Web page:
Where does nomophobia come from?
The term nomophobia first appeared as nomo-phobia in the results of a 2008 UK Post Office study, which contracted UK research agency YouGov to study anxiety in mobile phone users. The term is a portmanteau of no, mobile phone, and phobia.
According to that study, more than 13 million people in the UK—over 50% of mobile phone users—suffered from stress akin to visiting the dentist or getting married when they were out of range of their phones.
The term nomophobia has become more common as more studies about the effect of mobile phone use on human behavior have been conducted. A study published by Hungarian researchers in 2016 found that participants exhibited significant levels of anxious behavior only a few minutes after their phones were taken away from them.
A 2015 article in Scientific American defined the phenomenon of nomophobia as: “the degree to which we depend on phones to complete basic tasks and to fulfill important needs such as learning, safety and staying connected to information and to others.”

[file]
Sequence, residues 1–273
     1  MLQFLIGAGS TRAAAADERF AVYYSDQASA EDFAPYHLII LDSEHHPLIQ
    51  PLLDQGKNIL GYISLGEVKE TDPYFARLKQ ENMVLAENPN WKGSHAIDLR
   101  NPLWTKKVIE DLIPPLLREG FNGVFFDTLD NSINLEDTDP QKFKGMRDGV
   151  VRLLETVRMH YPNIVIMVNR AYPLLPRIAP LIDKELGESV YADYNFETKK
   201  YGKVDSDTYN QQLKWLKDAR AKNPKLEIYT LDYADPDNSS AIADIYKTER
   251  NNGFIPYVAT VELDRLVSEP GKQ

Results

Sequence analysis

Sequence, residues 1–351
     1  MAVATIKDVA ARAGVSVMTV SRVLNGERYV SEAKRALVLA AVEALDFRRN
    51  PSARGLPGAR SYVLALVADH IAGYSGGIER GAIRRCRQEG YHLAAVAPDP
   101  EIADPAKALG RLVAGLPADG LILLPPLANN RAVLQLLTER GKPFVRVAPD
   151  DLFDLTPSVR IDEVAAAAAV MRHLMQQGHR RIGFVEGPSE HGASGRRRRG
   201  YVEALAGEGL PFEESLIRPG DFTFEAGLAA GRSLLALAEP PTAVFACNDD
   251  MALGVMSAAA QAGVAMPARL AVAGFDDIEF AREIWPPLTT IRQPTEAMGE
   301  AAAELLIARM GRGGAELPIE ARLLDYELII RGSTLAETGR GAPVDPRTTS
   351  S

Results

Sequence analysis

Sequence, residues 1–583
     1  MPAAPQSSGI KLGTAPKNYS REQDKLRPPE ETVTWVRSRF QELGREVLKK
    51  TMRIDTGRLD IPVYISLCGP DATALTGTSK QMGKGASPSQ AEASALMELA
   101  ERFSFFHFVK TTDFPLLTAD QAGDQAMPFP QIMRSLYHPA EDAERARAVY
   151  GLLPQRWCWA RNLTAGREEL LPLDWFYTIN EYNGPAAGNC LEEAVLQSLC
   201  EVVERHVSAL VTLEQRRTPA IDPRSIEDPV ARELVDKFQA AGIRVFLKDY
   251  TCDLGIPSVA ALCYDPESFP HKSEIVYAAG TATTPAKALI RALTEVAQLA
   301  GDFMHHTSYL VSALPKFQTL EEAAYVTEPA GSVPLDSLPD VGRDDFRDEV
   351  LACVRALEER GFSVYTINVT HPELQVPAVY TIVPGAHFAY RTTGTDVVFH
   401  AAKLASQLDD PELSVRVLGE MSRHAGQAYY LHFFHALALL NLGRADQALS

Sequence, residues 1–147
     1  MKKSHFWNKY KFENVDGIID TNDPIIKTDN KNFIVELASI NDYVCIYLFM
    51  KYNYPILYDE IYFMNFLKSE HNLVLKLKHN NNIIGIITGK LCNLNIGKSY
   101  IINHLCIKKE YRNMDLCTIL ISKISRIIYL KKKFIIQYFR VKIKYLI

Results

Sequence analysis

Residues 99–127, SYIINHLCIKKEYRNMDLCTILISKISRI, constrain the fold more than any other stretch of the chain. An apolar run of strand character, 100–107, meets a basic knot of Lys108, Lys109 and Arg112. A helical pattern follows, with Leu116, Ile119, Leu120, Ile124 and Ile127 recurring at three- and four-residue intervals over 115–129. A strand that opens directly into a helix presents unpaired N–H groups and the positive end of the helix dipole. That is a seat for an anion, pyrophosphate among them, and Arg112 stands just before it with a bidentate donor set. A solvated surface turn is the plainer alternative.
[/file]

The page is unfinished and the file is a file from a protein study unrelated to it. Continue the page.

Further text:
Examples of nomophobia
Who uses nomophobia?
Though nomophobia has not yet made its way into official manuals of psychiatric diagnoses, its use is widespread enough for both research articles and popular news articles to use the term in titles and headlines.
Along with the rise of research into nomophobia have come articles discussing how to overcome or end it. As such, the term has taken on a negative connotation with health writers.
This is not meant to be a formal definition of nomophobia like most terms we define on Dictionary.com, but is rather an informal word summary that hopefully touches upon the key aspects of the meaning and usage of nomophobia that will help our users expand their word mastery.